Crystallization regulation helps to realize efficient and stable perovskite minimodules

Crystallization regulation helps to realize efficient and stable perovskite minimodules
Fig. 1. Device efficiency characterization. Credit: Institute of Physics

Hybrid organic-inorganic perovskite materials have emerged as promising candidates for photovoltaic applications due to their outstanding optoelectronic properties and low-cost solution processing technique. Power conversion efficiency (PCE) of the perovskite solar cell (PSC) has rapidly risen over the last decade, from 3.8% to 25.7%, comparable to Si-based photovoltaic technology. At present, the low stability and the efficiency loss while the cell area is enlarged, are two key issues that need to be overcome in the commercialization of PSCs.

Formamidinium-cesium (FA-Cs) lead halide perovskite has attracted wide interest because of its high thermal and operational stabilities. However, its crystallization suffers from complicated intermediate phase transition processes because the two ion sizes of the FA+ and Cs+ mismatch, leading to smaller dipole moment and weaker interaction with the Pb-I framework. Therefore, it has usually brought about unsatisfied perovskite films with large lattice distortion, element segregation and defect centers.

Coordination-induced crystallization regulation to improve perovskite film quality and introduction of organic long-chain ammonium halides to passivate interface and grain boundary defects have been demonstrated as effective approaches to improve cell performance. Recently, Prof. Meng Qingbo's group from the Institute of Physics of the Chinese Academy of Sciences has developed a dual-functional material to simultaneously realize the above-mentioned two modification effects for highly efficient and stable PSCs.

Crystallization regulation helps to realize efficient and stable perovskite minimodules
Fig. 2. Defect characterization of perovskite films and devices. Credit: Institute of Physics

The researchers report efficient, stable perovskite and minimodules realized by using an isobutylammonium isobutyldithiocarbamate (iBA-iBDTC) as an additive. On one hand, CSS- group of the iBA-iBDTC will effectively coordinate with the Pb2+ to improve the Pb-I nucleation and FA-Cs perovskite crystal growth.

On the other hand, the long-chain iBA+ cation group is distributed on the film surface and to passivate defects, reduce and stabilize surface structure.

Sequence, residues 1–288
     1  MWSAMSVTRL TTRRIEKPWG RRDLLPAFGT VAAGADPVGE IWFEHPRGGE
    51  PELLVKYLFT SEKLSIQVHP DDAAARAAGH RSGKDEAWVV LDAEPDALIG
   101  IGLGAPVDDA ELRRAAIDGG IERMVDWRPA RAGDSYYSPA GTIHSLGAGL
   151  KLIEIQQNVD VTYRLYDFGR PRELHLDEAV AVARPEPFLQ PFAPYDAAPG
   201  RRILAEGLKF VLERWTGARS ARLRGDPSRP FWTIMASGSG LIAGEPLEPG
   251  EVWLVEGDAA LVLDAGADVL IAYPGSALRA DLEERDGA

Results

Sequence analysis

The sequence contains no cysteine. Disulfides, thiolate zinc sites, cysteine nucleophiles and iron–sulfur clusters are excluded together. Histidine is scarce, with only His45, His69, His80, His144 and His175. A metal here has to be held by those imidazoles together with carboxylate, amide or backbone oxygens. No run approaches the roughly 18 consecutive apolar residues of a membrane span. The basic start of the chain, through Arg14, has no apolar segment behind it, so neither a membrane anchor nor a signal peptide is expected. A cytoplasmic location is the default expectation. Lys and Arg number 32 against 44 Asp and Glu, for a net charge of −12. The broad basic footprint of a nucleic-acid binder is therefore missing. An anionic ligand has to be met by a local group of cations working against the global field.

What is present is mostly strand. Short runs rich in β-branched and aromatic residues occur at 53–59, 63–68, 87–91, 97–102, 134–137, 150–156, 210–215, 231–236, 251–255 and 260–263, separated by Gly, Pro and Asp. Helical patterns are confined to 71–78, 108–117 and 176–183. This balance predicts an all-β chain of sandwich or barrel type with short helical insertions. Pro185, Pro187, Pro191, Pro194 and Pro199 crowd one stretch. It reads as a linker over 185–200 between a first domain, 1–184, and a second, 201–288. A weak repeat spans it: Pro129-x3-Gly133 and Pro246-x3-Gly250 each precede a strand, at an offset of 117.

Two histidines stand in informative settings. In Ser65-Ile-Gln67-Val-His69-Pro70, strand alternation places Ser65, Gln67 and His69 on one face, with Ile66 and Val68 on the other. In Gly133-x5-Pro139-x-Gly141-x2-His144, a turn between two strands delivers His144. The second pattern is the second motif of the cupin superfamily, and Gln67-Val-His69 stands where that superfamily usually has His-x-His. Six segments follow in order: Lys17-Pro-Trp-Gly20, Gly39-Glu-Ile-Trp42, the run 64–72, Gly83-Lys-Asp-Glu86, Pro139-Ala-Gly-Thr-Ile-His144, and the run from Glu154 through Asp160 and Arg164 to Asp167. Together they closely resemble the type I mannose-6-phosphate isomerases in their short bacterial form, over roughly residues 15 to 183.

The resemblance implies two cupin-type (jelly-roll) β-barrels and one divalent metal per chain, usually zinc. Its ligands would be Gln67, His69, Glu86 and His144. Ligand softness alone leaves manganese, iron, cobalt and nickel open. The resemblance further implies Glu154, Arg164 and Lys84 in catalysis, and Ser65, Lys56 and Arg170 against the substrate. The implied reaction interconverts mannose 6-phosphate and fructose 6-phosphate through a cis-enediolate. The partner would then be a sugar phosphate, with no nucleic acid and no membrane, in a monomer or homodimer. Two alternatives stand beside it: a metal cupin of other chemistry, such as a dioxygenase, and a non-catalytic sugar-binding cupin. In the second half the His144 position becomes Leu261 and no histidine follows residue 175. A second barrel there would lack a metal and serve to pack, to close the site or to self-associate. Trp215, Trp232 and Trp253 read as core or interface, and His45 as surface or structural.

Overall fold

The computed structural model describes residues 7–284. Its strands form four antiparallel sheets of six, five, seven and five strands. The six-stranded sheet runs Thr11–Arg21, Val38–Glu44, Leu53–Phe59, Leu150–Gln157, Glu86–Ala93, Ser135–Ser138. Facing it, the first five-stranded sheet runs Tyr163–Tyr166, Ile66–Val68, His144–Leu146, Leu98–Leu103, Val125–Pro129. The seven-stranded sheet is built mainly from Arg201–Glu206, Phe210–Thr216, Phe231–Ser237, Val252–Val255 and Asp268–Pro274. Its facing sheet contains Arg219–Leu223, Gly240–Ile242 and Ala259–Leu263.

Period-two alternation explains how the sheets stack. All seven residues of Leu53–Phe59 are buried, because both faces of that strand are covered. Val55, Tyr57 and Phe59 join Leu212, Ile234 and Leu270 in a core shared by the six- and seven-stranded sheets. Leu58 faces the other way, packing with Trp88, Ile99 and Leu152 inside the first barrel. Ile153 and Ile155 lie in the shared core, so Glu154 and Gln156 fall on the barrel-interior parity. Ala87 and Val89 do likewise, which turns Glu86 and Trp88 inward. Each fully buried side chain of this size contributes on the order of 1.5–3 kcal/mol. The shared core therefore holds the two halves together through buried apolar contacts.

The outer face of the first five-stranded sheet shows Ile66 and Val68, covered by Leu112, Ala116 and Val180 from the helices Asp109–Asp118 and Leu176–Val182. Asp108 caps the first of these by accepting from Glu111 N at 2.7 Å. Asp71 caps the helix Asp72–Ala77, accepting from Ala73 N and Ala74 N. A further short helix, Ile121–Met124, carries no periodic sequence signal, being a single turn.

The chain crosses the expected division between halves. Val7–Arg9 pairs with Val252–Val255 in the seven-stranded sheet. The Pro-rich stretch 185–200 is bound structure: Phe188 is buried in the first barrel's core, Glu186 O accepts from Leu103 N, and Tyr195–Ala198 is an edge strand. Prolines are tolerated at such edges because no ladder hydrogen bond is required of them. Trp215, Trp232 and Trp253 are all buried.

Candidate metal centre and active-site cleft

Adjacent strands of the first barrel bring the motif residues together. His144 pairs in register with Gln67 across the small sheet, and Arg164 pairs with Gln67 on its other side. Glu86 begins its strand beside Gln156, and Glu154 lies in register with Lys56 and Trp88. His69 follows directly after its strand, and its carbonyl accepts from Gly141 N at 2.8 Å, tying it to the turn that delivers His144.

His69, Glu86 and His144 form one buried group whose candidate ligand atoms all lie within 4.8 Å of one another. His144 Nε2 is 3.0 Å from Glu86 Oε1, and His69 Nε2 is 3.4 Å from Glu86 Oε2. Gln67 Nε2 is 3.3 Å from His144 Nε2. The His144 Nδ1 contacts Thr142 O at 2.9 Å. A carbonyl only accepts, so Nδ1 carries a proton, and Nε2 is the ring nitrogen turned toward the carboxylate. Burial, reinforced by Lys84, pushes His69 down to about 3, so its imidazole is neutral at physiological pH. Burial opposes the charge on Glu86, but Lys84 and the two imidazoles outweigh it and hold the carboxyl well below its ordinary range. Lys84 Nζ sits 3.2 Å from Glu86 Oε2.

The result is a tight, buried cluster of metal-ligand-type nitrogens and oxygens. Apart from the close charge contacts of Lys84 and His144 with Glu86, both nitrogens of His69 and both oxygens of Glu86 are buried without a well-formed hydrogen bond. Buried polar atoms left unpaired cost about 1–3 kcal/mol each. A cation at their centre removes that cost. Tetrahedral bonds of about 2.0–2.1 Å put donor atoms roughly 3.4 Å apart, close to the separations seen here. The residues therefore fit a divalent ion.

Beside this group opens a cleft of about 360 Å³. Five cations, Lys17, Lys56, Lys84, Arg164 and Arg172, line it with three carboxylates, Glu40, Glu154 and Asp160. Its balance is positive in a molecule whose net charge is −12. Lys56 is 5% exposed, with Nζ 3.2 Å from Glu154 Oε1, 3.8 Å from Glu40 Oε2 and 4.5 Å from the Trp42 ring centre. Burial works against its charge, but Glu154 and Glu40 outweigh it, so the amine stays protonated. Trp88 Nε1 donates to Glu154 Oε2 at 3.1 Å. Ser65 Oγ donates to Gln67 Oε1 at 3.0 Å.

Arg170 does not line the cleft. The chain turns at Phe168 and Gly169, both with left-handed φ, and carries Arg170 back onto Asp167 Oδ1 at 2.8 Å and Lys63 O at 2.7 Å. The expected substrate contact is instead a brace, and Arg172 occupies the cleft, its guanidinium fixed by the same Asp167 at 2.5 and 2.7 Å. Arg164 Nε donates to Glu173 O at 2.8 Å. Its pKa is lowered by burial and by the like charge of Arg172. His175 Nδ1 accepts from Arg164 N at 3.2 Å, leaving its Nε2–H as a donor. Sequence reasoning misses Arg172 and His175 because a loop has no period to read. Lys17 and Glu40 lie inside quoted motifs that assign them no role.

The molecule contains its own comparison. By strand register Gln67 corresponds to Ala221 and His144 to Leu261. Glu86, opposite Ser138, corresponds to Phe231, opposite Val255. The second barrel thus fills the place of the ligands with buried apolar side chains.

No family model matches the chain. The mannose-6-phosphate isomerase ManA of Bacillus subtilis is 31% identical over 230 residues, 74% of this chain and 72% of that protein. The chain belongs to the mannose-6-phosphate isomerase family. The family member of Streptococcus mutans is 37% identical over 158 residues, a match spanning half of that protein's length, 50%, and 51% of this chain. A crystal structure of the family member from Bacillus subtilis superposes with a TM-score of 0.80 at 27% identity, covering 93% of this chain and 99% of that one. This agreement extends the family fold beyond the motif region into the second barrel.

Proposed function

With the synergistic contribution of the cationic and anionic groups, the PCE of the small-area single cell has been improved to 24.25% with excellent operational stability. Over 20.5% PCE has been achieved from a 10.4 cm2 minimodule, which is among the highest results of the perovskite minimodule.

  • Crystallization regulation helps to realize efficient and stable perovskite minimodules
    Fig. 3. Interaction between -CSS- anionic group and Pb-I framework. Credit: Institute of Physics
  • Crystallization regulation helps to realize efficient and stable perovskite minimodules
    Fig. 4. Spatial distribution of the iBA+ cationic passivation layer in the perovskite film. Credit: Institute of Physics
  • Crystallization regulation helps to realize efficient and stable perovskite minimodules
    Fig. 5. Schematic illustration of the material and chemistry mechanism for regulating the crystallization and defect of the perovskite film by using iBA-iBDTC. Credit: Institute of Physic
  • Crystallization regulation helps to realize efficient and stable perovskite minimodules
    Fig. 6. Stability and large-area device performance. Credit: Institute of Physics

This cation-anion synergistic effect of the dual-functional additive provides a more feasible technique route to promoting the PSC development and commercialization.

This study entitled "Efficient, Stable Formamidinium-Cesium Perovskite Solar Cells and Minimodules Enabled by Crystallization Regulation," was published in Joule.


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More information: Yiming Li et al, Efficient, stable formamidinium-cesium perovskite solar cells and minimodules enabled by crystallization regulation, Joule (2022). DOI: 10.1016/j.joule.2022.02.003
Journal information: Joule

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